What is it with these goth-pocolypto-moon-gaze bands? It's all musical siblings, crystals and distracting celebrity relationships. Oh! And fringes. Oh! And you know the song 'Losing My Edge' by LCD Soundsystem and its lyrics about being at every key moment in musical history? Well, the goth-pocolypto-moon-gaze kids all seem to have been at all of them. I know! The chronological impossibility of it! And yet they were. They weeeere!
So, (bearing in mind we've just abandoned logic with all the panic and paparazzi of Madonna abandoning a swastika exhibition at L’Assemblee Nationale) logic should dictate a frenzied crisis of maniacal schizophrenia in hipster music. But, no. No, no, no. This is not the goth-pocolypto-moon-gazer way. Any semblance of order in their frame of reference is not an option. Genres are scattered and collected at random, like the oblique strategies they are, before being woven into a big, messy blanket and then cut up into five minute pieces, stamped with a track number and a title and sent off to Cherish or Maya or Alice in Digital for hip online distribution and promotion.
Is there anything there beyond citing as many cerebral and/or critically acclaimed musical junctures of the last 53 years?
Thankfully there is. What we have in Toy is a beautifully powerful ramble of an album with at least six tourist attractions and beauty spots of songs to gawp at along the way. The repeat-pause-release-explode middle section of ‘Dead & Gone’; the tiny, organic, cave dwelling soft-stroke of ‘Omni’; the sinister, devil-may-care monster-truck chicanery of ‘Drifting Deeper’; the space lullaby of ‘Walk Up To Me’; the intense, twitchy Motorik behemoth of ‘Kopte’, not to mention the brilliantly preternatural single: ‘Lose My Way’ – they all stand there in statuesque grandeur, waiting for you to whip out your i-Phone, take photos and WhatsApp them to 50 million people at once. Which you will. This is the sound of a band with massive scope, stood on the ecstatic cusp of infinity, paying no regard to anything that would threaten their horizons.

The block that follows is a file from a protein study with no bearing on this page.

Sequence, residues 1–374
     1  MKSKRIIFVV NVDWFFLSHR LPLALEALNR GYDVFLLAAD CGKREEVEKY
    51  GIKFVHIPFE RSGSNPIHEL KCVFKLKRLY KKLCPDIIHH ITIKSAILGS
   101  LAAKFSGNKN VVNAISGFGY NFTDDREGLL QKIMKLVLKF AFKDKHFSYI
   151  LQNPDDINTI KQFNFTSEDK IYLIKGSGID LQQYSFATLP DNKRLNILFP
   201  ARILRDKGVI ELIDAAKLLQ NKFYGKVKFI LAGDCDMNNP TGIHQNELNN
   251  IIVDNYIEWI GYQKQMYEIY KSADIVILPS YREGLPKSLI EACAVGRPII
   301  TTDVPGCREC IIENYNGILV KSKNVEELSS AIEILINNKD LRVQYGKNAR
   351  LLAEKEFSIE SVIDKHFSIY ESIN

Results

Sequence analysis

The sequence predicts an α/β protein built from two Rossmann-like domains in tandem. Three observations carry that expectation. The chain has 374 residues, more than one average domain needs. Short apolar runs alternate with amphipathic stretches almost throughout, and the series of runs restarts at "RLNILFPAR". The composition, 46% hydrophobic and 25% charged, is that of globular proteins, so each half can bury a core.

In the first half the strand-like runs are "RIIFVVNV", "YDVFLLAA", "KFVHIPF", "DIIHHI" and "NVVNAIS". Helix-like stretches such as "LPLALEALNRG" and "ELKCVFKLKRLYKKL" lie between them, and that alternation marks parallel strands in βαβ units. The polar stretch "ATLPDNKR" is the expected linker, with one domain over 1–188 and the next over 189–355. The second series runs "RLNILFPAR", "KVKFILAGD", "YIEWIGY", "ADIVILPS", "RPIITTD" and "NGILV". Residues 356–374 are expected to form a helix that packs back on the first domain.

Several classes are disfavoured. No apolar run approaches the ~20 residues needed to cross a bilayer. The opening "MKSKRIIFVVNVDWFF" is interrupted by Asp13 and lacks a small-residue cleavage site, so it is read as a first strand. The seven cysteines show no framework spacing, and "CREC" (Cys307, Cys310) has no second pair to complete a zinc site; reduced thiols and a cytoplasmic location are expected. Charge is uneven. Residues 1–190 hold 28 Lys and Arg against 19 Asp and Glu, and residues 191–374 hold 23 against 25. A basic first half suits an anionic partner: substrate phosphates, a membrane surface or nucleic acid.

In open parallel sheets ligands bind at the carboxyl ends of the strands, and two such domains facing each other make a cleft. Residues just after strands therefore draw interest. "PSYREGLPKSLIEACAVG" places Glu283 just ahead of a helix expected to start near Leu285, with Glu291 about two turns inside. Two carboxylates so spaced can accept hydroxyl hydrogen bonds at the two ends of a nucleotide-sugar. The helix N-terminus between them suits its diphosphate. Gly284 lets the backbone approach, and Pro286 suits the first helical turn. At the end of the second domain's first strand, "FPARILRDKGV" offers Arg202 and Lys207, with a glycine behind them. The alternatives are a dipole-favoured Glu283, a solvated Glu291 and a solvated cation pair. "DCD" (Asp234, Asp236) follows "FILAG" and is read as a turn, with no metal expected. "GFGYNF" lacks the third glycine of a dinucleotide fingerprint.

No one involved will want this comparison to be used but it's inevitable so fuck yous. Where S.C.U.M. project themselves with squelches, bubbles and poncey, 'I am very definitely a swan' hand gestures, Toy give off an unrepentantly forthright sneer. The S.C.U.M.’s Again Into Eyes may have more odd textures, triggers, pedals, whatever, but Toy preserved their essence by recording this in a few days under a railway arch or something in South London, with a mate (Dan Carey) who happened to have stolen a Neve desk. And it works. It works because they have songs. Tender songs that are delivered powerfully and through prisms. (Even MBV, who are probably the weightiest reference point here, were prone to forgetting to include these in their oeuvre.) Where S.C.U.M. waft their poetry nonsense so that it lands gently on the relentless rock face like an awkward, pointless mist, Tom Dougall has carved proper melodies into the landscape with smart syncopations and pauses. It is, in fact, the more spare orchestration across the album that ensures that the string motifs and pseudo-choirs on ‘My Heart Skips A Beat’ and ‘The Reason Why’ really force the issue of these being pop songs and not just a collection of rumbling power wig outs from another bunch of skinny white boys who know how to pronounce 'Einstürzende'.
And if you don’t believe me, spend some time with this:
8Didz Hammond's Score